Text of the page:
The Iron Ore Company of Canada (IOC) is in the midst of an expansion that will take its Labrador City operation’s annual production up to 26 million tonnes — and has launched a study to determine the feasibility of producing 50 million tonnes a year.
The raw material is there. But are the workers?
On the second day of the Newfoundland and Labrador Employers’ Council conference at the Sheraton Hotel, tackling the province’s looming labour shortage — the government forecasts there will be 77,000 job vacancies in the province by 2020 — Glenn Andrews, senior human resources business partner at IOC, said the company already has 200 vacancies it’s having difficulty filling.
One way of dealing with the problem, he said, is to turn to technology in order to do more with less — the theme of a panel discussion involving three winners of the council’s Employer of Distinction awards.
“Our strategy was to go to larger equipment — both shovels, trucks — and reduce the number of operators required to move a certain amount of dirt. We’ve gone from 240-tonne trucks to 320. In years gone by, they were 100-tonne, 150-tonne, so we’ve bought new, bigger equipment, which should require less operators,” he said. “The other challenge that we’re dealing with is growth. So the need has continued to increase while the number of operators (available) has continued to decrease.”
Sharon Horan, president of Fit For Work, an occupational health company that prepares injured employees to return to the workplace, said her company used to have four more offices — in Gander, Stephenville, Goose Bay and Labrador City — than the four it has now, but couldn’t find enough qualified staff to keep them open.
“We had to reorganize that because attaining those skills that we required and then retaining them just got to be too much of a challenge, and we were constantly beating ourselves out trying to find the right skill set,” she said. “So doing more with less is not something we look forward to, but every year seems to come with a new challenge for us and we’re forced to respond to our staffing shortages while trying first and foremost to maintain some type of excellent customer service.”
Horan’s said her company’s biggest challenge in retaining staff is competition from the government. She said her employees are often approached by Eastern Health for open positions, and she’s had to raise salaries as much as 25 per cent in one year just to keep up with government contracts.
“So when you hear something like the government is negotiating a new deal for nursing, for example, that has a huge impact on a company like mine, because to maintain my nurses, I have to be better than government, and that’s pretty tough.”
Still, Horan said that sort of competition for workers is, overall, positive for her, because it’s a constant reminder of the need to focus on what her employees want as well as what her customers want.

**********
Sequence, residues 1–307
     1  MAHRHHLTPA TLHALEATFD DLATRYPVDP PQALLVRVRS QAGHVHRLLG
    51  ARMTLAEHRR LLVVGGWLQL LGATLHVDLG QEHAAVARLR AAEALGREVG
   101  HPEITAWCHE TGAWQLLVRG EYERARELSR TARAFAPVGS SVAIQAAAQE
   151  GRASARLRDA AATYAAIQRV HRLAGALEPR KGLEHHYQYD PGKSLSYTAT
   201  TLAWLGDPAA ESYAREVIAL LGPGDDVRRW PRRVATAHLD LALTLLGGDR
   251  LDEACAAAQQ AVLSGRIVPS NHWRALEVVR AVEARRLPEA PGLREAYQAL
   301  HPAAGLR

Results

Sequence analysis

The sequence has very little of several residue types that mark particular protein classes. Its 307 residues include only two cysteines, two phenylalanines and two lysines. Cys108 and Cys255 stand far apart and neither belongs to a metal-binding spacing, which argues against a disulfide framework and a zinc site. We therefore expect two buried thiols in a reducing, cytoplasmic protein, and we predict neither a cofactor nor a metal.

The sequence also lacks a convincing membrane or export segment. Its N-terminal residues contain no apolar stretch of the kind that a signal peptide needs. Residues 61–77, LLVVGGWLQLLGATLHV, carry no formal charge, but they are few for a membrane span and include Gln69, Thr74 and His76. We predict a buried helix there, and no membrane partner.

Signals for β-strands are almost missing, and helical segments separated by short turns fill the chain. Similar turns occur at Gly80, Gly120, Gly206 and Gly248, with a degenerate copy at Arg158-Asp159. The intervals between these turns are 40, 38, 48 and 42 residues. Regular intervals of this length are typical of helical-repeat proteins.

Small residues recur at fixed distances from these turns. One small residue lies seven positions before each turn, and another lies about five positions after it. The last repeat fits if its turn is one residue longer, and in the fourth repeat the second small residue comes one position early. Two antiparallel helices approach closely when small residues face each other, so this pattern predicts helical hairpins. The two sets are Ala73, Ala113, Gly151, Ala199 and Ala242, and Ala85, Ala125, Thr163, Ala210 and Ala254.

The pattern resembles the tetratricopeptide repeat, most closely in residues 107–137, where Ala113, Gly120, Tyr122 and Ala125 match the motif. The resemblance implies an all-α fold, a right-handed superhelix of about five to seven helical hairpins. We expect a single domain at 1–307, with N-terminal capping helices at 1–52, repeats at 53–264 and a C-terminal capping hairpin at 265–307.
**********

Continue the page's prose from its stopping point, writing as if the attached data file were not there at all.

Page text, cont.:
For Mike Wadden, president and CEO of recycling company Ever Green Environmental, the challenge to do more with less came about in 2007, when the company shifted from a clinical mental health program to an affirmative business that receives no core funding for a staff in which 80 per cent of employees have some form of mental illness like schizophrenia or bipolar disorder.
Making that transition involved bringing up productivity and salary standards to compete in the industry.
“We had to, in order to survive, develop a fourfold productivity improvement in one year,” he said. “So some of the challenges that groups are experiencing now, we experienced back in 2007.”
Another challenge in attracting and keeping staff for a company like Ever Green, said Wadden, is that the majority of jobs are unskilled, minimum wage jobs.
But the company also targets a traditionally underused workforce — the mentally ill.
“We’ve developed employment measures to enhance the employment of that group. For the group that we employ, the unemployment rate is between 80 and 95 per cent, and job maintenance is usually determined in a matter of months. We’ve been able to keep most of our employees employed for well over three years, so that’s a fairly significant accomplishment that we’ve been able to achieve.”
Crucial to Ever Green’s success were what Wadden said are “sound and strong” business practices applicable to all companies and which didn’t require a lot of extra resources.
“One of the first things we had to do was really develop an in-depth understanding of our business and productivity processes, so companies have to make a commitment to fully understand their businesses and their operations and make an investment in that kind of understanding,” he said.
Other steps included formalizing the operational structure, simplifying operations and establishing production benchmarks.